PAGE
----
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Back pain – when panic sets in

On Tuesday, I got up in the dark, pulled on my warmest togs and went out for a walk in the forest before sunrise. Enjoyed a little Yoga down by the lake as normal and watched the New Forest ponies nuzzling gorse, their warm breath misting the frosted chill. All was well…

An hour or so later, out of the blue, my back “went” – literally. I couldn’t stand up, sit down, bend over or move in any way without a sharp pinching pain right in the middle of my low back… My spine had become ME and I felt like a twig that would snap in half with one false move.

It’s not surprising how quickly the panic wanted to set in. Fortunately, I’ve got a lot of know-how and tools to hand.

Knowledge alone is empowering – when we don’t have a strategy for coping with a crisis, it is perfectly normal for us to spiral into panic.

Here’s what I did (physician, heal thyself!):

  • STOOD STILL – not difficult because I couldn’t move anywhere, any way but also not easy because the pain caught me in a half-bend/twist kinda shape!
  • HAD A CHAT WITH MYSELF – it went along the lines of… “Huh, why now, why today, what did I do, what thoughts did I have? Curiosity is an emotion that, like kindness and care, is associated with that part of our brain that counters stress responses like panic… So far so good…
  • TOOK FIVE WITH THE BUTTAFLY – I was as apprehensive as anyone trying this out. Every individual, every episode of back pain is unique and as an experienced physiotherapist I cannot all in honesty declare that any ONE healing modality will fit all… Having said that, MANY of my customers have told me it works for them so here was my chance to try it out. Gingerly, I moved onto the floor, just managing to lift my hips high enough to place the Buttafly under my pelvis….So far so good…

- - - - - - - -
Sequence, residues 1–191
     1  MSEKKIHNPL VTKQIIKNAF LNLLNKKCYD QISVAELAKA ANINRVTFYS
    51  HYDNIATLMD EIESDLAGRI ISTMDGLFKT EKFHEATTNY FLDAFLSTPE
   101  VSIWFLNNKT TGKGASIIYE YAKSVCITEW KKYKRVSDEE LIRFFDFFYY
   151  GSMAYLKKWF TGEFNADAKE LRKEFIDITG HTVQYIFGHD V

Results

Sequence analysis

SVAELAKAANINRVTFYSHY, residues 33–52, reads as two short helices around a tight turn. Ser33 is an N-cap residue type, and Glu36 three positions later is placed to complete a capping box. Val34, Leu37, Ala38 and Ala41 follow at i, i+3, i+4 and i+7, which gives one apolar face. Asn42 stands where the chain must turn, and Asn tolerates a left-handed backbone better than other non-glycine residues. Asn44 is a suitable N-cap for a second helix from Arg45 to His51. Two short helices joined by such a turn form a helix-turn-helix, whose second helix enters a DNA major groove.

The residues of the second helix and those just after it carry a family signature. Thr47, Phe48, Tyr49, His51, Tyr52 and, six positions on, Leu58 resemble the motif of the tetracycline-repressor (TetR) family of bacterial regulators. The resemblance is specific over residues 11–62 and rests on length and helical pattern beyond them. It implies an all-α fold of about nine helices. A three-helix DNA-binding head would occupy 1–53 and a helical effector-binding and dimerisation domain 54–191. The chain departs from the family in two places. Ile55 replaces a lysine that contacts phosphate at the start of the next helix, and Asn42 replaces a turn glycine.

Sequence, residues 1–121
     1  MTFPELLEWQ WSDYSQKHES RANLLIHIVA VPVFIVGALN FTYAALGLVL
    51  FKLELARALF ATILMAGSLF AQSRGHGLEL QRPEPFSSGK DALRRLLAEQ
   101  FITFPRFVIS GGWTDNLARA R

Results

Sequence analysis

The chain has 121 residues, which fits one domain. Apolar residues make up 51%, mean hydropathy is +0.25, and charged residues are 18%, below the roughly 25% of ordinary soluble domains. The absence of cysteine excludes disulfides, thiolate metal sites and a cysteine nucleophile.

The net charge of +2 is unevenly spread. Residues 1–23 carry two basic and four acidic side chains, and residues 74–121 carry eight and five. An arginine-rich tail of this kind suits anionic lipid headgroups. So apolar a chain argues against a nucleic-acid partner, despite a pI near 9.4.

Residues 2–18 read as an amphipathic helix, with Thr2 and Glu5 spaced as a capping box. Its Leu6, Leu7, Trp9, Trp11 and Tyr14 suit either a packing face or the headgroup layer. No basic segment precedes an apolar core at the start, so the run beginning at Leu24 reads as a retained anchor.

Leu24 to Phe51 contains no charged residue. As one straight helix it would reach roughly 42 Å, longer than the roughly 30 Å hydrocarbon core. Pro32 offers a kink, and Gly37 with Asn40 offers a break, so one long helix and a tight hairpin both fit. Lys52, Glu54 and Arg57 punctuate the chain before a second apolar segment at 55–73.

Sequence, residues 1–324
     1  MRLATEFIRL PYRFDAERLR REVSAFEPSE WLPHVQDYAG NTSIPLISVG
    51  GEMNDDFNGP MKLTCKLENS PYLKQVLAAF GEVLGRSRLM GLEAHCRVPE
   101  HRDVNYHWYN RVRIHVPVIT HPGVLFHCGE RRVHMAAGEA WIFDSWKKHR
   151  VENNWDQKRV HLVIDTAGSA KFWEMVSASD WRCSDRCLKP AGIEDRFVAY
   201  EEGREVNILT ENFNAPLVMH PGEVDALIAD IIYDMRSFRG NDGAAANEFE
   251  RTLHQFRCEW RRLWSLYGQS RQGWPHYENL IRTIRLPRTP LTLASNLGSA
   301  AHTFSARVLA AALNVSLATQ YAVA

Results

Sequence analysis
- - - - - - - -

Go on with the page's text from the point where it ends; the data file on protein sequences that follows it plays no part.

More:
• BREATHED – Once settled in position I brought my attention to the breath and began to breathe consciously, slow inhale, slow exhale, counting along the way to equalise their length. Five minutes in… So far so good…
  • EXPLORED PAINFREE MOVEMENT – In an acute episode like this, any movement that is pain free is therapeutic. Even moving the arms, good yes, I can slide them along the floor like making angels in the sand safely and without pain. Breathe. OK… Now the toes, yes a wiggle is fine. You get the picture. So far so good…

Ten minutes or so later, I removed the Buttafly and laid flat. Hmmm. Slightly easier to move, certainly no worse. Rolled over onto my side and got up like an old woman, heavily pregnant woman or good Yogi – take your pick! Stood up all the while reminding myself to breathe. OK, all in all a bit better…

Three days later, I’m relatively pain free and been out walking – yesterday even managed to stomp my feet on the forest floor without pain. I’m a bit sore sitting at my desk today but panic over… I will work another day!

Human beings tend to react to pain with aversion – that’s how we are wired up – we don’t like pain or even discomfort and we spend much of our time trying to rid ourselves of it. To this end we often adopt unconscious strategies  such as:

  • We might catastrophise – “Oh my goodness, I will never be able to walk/work/run again!”
  • We might go on the attack, looking for something or someone to blame – “I knew I shouldn’t have done this/gone there yesterday!”
  • We might look for a quick fix to take the pain away NOW – painkillers, smoke, drink etc.

If you don’t have a Buttafly to use, get into any comfortable position, keep yourself warm, well-hydrated and use conscious breathing and exploratory movements as best you can.

Don’t panic, be well

TillyLou

 

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